Nasa discovers 10 new 'rocky' planets like Earth

Space agency says latest discoveries have 'significant implications for the search for life' in other parts of the universe

Ian Johnston
Science Correspondent
Monday 19 June 2017 17:29 BST
Finding exoplanets could help scientists work out whether life exists in other parts of the universe
Finding exoplanets could help scientists work out whether life exists in other parts of the universe (ESO/

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Nasa has announced the discovery of 219 new suspected planets outside our solar system.

The figure includes 10 that are “rocky” like Earth and which exist in their solar system's 'Goldilocks zone', neither too close to their star, and therefore too hot, nor too far away and too cold for liquid water to exist.

The presence of water is seen as a key factor for the existence of life.

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In a tweet, Nasa said: "Scientists using @NASAKepler have identified 219 potential new worlds!"

The discoveries bring the total number of suspected exoplanets – planets outside our solar system – found by the Kepler space telescope to more than 4,000.

"This carefully measured catalogue is the foundation for directly answering one of astronomy’s most compelling questions – how many planets like our Earth are in the galaxy?” said Susan Thompson, a research scientist at the SETI Institute, which searches for signs of extra-terrestrial life.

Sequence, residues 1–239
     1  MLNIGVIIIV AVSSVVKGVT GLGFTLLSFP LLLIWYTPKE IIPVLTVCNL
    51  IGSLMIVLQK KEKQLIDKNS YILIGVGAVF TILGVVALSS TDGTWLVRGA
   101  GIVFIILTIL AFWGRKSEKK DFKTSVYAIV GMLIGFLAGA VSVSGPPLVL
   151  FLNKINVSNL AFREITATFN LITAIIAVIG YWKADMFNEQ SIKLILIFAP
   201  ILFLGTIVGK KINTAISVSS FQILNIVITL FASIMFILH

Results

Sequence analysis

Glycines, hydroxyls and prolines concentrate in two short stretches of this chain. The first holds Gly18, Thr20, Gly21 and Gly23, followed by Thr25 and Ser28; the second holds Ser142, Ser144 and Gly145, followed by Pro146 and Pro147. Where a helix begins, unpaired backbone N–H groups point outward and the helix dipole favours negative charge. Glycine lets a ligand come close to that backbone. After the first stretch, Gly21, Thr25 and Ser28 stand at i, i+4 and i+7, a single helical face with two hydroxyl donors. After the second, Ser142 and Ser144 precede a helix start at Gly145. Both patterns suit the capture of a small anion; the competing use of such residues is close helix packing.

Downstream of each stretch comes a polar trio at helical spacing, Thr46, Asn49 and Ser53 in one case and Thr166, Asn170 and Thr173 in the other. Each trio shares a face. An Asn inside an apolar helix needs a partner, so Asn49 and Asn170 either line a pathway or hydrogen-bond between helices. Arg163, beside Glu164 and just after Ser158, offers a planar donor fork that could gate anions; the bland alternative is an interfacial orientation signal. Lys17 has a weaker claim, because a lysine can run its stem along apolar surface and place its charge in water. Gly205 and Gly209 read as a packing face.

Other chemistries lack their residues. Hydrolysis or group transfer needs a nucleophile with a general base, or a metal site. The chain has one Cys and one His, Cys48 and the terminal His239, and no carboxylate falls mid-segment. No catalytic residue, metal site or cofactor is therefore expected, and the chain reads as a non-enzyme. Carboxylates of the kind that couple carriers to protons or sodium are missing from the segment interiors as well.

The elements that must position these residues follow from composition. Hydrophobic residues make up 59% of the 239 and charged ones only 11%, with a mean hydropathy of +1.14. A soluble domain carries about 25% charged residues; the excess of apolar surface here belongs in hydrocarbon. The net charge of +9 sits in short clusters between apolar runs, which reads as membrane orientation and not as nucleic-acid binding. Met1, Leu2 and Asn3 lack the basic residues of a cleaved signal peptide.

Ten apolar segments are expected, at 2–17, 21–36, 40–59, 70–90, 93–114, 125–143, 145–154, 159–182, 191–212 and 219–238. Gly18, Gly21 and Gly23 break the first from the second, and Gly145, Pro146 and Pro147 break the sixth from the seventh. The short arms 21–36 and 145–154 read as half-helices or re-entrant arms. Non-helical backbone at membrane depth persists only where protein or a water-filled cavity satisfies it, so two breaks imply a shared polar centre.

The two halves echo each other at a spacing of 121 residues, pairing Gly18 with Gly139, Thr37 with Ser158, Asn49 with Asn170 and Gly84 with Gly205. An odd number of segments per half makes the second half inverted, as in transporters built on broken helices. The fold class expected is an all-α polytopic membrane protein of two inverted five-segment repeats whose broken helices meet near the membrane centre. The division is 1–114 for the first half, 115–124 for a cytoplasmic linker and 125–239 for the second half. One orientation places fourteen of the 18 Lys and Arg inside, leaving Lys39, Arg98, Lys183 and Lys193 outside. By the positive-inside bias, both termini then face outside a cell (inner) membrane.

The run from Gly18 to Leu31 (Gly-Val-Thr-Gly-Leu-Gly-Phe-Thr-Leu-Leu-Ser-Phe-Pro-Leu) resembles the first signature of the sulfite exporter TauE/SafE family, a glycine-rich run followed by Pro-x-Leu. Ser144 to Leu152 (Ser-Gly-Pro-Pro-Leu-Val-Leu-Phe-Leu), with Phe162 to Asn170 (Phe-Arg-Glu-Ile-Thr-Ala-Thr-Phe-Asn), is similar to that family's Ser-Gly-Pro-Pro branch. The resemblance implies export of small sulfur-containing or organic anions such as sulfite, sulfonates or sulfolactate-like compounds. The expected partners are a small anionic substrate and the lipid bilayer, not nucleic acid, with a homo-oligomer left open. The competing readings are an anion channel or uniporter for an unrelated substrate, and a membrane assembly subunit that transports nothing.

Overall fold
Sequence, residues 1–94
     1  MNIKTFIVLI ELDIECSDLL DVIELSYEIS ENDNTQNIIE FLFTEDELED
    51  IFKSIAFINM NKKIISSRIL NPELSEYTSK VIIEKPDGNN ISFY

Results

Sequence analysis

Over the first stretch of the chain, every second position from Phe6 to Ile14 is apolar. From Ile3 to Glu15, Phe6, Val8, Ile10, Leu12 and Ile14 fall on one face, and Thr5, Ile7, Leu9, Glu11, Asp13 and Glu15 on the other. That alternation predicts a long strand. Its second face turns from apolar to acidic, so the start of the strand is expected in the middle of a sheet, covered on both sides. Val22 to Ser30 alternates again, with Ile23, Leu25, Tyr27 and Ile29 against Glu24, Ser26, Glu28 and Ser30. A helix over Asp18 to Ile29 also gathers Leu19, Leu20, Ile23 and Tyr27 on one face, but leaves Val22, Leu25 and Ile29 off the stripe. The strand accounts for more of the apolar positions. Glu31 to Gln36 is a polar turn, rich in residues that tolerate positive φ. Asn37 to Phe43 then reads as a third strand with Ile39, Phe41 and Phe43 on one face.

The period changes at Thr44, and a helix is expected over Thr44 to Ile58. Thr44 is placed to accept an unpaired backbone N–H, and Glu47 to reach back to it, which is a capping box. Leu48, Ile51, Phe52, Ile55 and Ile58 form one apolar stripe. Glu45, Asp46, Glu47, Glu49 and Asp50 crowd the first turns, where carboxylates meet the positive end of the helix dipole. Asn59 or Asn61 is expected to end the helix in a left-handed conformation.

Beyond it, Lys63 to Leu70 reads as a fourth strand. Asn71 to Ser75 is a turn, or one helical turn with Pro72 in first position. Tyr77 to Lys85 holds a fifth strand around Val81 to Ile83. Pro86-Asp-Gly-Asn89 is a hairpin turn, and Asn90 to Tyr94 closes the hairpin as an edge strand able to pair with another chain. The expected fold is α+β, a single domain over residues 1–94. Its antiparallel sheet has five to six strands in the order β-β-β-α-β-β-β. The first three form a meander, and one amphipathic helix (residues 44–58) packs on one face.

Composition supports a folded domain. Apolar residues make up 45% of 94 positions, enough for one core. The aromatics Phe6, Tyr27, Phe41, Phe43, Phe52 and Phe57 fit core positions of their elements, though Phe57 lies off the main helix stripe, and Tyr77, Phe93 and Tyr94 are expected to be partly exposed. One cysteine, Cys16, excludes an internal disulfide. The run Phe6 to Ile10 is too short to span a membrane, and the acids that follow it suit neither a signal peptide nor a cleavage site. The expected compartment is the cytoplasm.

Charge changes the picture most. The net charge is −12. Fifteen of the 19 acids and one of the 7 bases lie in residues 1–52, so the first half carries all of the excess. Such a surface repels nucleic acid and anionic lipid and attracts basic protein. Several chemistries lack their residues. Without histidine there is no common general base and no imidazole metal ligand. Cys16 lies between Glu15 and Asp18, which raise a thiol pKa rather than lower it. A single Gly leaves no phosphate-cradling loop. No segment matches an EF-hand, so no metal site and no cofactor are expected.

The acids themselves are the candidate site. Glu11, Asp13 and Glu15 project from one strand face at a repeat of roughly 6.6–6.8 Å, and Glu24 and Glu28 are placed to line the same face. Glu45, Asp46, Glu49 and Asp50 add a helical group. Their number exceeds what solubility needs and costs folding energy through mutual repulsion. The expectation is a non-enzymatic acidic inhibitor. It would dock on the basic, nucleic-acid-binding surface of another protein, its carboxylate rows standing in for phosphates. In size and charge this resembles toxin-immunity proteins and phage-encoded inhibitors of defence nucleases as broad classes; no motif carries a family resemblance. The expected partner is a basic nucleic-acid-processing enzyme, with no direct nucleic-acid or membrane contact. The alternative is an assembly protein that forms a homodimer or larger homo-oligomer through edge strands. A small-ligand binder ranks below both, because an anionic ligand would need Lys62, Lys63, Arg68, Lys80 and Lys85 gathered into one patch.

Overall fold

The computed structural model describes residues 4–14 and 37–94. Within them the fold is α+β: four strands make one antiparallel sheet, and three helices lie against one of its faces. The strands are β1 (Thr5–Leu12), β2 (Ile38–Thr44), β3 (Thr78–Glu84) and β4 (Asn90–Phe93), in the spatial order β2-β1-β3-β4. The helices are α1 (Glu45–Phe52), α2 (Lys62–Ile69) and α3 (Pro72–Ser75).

And, in a statement, Nasa said: “There are now 4,034 planet candidates identified by Kepler. Of which, 2,335 have been verified as exoplanets. Of roughly 50 near-Earth size habitable zone candidates detected by Kepler, more than 30 have been verified.

“Additionally, results using Kepler data suggest two distinct size groupings of small planets. Both results have significant implications for the search for life.”

Mario Perez, a Kepler programme scientist at Nasa, stressed the importance of the space telescope.

“The Kepler data set is unique, as it is the only one containing a population of these near Earth-analogues – planets with roughly the same size and orbit as Earth,” he said.

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“Understanding their frequency in the galaxy will help inform the design of future Nasa missions to directly image another Earth.”

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